I love Black poets. I love that as a Black girl, I get to participate in that legacy. So that’s Yusef Komunyakaa, Sonia Sanchez, Tracy K. Smith, Phillis Wheatley. And then I look to artists who aren’t just poets. While I was writing the Inaugural poem, I was reading a lot of Frederick Douglass, a lot of Winston Churchill, a lot of Abraham Lincoln. I was also listening to the composers who I feel are great storytellers, but they don’t use words so I try to fill in that rhetoric myself. A lot of Hans Zimmer, Dario Marianelli, Michael Giacchino.

You have a mantra you recite to yourself before performing—can you share it here, and tell me how you came to choose these words?
This mantra I’m about to say is actually in part inspired by Lin-Manuel Miranda‘s lyrics in Moana in the song, “Song of the Ancestors.” Whenever I listen to songs, I rewrite them in my head. That song goes: “I’m the daughter of the village chief. We’re descended from voyagers who made the way across the world.” Something like that. Sorry Lin. I really wanted something that I could repeat because I get so terrified whenever I perform. So my mantra is: “I’m the daughter of Black writers who are descended from Freedom Fighters who broke their chains and changed the world. They call me.” I say that to remind myself of ancestors that are all around me whenever I’m performing.

“The Hill We Climb” mentions your being a descendant of slaves. What role does poetry have to play in helping you make sense of our history?
I wanted to give the American people some access to myself. A lot of the inspiration for that came from your speech at the DNC in which you said, “I wake up every morning in a house that was built by slaves.” Poetry is the lens we use to interrogate the history we stand on and the future we stand for. It’s no coincidence that at the base of the Statue of Liberty, there is a poem. Our instinct is to turn to poetry when we’re looking to communicate a spirit that is larger than ourselves. Whenever I’m writing, I’m looking at the history of words. The specific history of words in the Inaugural poem was: We have seen the ways in which language has been violated and used to dehumanize. How can I reclaim English so we can see it as a source of hope, purification and consciousness?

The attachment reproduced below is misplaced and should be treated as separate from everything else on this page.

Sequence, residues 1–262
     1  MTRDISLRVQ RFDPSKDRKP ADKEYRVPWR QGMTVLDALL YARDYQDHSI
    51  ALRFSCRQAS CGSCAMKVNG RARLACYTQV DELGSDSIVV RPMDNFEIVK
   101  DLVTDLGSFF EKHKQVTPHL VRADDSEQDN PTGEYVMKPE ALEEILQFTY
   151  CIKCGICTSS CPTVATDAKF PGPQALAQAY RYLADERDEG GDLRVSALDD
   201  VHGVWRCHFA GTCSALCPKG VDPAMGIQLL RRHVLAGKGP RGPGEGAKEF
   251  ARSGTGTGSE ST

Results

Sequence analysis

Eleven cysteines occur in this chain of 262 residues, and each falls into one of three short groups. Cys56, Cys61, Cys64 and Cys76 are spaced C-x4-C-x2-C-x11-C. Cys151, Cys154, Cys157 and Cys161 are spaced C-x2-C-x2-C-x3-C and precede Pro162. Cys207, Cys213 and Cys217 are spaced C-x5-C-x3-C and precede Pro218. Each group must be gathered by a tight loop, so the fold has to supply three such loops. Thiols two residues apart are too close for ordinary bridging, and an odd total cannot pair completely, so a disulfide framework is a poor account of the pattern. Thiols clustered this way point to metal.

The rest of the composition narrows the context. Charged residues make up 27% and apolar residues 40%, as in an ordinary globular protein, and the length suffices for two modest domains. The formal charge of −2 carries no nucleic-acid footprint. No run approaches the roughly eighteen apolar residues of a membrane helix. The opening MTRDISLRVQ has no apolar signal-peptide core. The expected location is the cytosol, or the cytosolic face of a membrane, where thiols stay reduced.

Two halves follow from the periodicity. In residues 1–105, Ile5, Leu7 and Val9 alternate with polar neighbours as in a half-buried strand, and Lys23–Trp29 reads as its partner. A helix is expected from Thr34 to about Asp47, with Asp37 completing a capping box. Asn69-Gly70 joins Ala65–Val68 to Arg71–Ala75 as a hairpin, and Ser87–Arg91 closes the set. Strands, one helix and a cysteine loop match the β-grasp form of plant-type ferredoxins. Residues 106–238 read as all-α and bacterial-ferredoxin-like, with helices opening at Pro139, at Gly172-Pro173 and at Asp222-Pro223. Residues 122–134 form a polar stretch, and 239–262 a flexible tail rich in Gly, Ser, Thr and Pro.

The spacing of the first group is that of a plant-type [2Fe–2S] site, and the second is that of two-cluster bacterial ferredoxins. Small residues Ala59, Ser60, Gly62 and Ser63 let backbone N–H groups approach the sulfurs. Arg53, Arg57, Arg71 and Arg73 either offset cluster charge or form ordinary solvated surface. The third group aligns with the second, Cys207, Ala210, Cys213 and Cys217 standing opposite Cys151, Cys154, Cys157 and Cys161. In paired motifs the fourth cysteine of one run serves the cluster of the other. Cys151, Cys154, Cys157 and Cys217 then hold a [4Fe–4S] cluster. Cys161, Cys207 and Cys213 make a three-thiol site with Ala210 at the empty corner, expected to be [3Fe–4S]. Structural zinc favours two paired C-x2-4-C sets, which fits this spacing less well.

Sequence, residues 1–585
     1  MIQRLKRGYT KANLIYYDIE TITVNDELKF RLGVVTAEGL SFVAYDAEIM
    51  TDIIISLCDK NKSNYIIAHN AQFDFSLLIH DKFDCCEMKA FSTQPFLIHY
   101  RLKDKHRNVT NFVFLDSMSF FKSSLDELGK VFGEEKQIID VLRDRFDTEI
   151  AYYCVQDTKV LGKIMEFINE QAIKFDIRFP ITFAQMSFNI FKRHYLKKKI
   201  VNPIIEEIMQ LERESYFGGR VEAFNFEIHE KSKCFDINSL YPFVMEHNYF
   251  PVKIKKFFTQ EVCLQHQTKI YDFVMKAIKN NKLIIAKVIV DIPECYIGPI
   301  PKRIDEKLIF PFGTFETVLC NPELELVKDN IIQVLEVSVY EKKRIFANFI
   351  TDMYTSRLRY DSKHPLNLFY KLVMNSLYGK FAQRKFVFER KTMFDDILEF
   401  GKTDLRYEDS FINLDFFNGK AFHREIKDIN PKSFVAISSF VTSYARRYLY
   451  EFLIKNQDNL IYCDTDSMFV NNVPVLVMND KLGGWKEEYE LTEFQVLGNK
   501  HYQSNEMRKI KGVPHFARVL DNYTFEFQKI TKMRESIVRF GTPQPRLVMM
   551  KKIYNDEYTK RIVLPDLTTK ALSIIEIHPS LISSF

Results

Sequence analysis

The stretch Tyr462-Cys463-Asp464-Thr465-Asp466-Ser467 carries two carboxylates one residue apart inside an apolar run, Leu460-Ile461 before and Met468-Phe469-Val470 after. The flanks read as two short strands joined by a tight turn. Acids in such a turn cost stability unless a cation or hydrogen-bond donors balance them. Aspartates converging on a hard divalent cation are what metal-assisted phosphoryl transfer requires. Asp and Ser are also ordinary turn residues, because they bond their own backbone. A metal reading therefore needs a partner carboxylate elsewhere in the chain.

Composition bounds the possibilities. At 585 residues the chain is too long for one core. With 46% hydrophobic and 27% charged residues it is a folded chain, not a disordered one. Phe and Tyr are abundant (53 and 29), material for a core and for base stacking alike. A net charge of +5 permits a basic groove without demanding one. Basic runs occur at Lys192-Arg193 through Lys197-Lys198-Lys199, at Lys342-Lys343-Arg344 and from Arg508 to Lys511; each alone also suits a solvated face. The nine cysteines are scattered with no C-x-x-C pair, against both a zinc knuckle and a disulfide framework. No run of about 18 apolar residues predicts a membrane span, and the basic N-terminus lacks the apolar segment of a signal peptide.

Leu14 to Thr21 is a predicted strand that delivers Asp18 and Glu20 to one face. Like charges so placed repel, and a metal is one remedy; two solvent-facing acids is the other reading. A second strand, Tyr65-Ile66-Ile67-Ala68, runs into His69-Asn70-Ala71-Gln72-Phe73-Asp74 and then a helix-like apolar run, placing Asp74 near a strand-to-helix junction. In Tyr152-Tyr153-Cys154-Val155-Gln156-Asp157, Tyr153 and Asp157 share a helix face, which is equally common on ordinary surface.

[From Time]

Amanda is an absolute supernova. A brilliant light showing the hope of Gen Z. I normally do not put so much on any generation because as a Gen Xer I remember the pressure my generation felt to be something bigger and better. In many ways we were and in others we were a disappointment. However, the younger millennials and Gen Z’s first wave are something amazing to behold. Their fearlessness in the face of a system that has trampled over so many inspires me. It took me several days before I actually watched Amanda Gorman deliver her poem, “The Hill We Climb” at the Inauguration because of all of the hype around it. But when I did, I was amazed because I heard Maya, Langston, Martin, Harriet and Lin and all of the ancestors that came before Amanda, but most importantly, I heard Amanda. Amanda’s voice, the voice of her generation, the voice of change and the seed of hope planted so many generations ago, watered by every generation after but blooming now. I must tell you, I am moved and joyous.

Anyways, Amanda will not be soon forgotten and despite my loving the poems of those old crusty white men, I also love the poems from the Harlem Renaissance and the poetry of music and rap and Maya and Terry. I am glad that poetry is experiencing a sort of renaissance. I do hope that going forward that poetry written by people from the 20th and 21st centuries will be honored and studied. I hope educators spotlight the cadence of poetry and how it is rooted in the experiences of BIPOC The last thing I will say is this, if Amanda is a prophecy that is foretelling the future, then the future is very bright. I hope I live long enough to see some of it.

As an aside – Our little sis Amanda looks amazing in yellowa.

— Amanda Gorman (@TheAmandaGorman) February 4, 2021

This 99 year old woman was moved by The Hill We Climb: